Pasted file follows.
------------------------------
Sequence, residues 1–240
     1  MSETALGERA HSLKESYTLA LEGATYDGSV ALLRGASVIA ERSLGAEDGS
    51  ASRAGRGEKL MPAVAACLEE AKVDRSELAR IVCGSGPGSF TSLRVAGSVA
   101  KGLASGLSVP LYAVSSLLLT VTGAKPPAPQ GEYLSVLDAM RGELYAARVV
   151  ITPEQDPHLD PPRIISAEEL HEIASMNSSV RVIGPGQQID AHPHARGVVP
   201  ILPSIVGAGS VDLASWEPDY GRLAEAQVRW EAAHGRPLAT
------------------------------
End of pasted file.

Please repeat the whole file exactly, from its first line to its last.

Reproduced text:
Sequence, residues 1–240
     1  MSETALGERA HSLKESYTLA LEGATYDGSV ALLRGASVIA ERSLGAEDGS
    51  ASRAGRGEKL MPAVAACLEE AKVDRSELAR IVCGSGPGSF TSLRVAGSVA
   101  KGLASGLSVP LYAVSSLLLT VTGAKPPAPQ GEYLSVLDAM RGELYAARVV
   151  ITPEQDPHLD PPRIISAEEL HEIASMNSSV RVIGPGQQID AHPHARGVVP
   201  ILPSIVGAGS VDLASWEPDY GRLAEAQVRW EAAHGRPLAT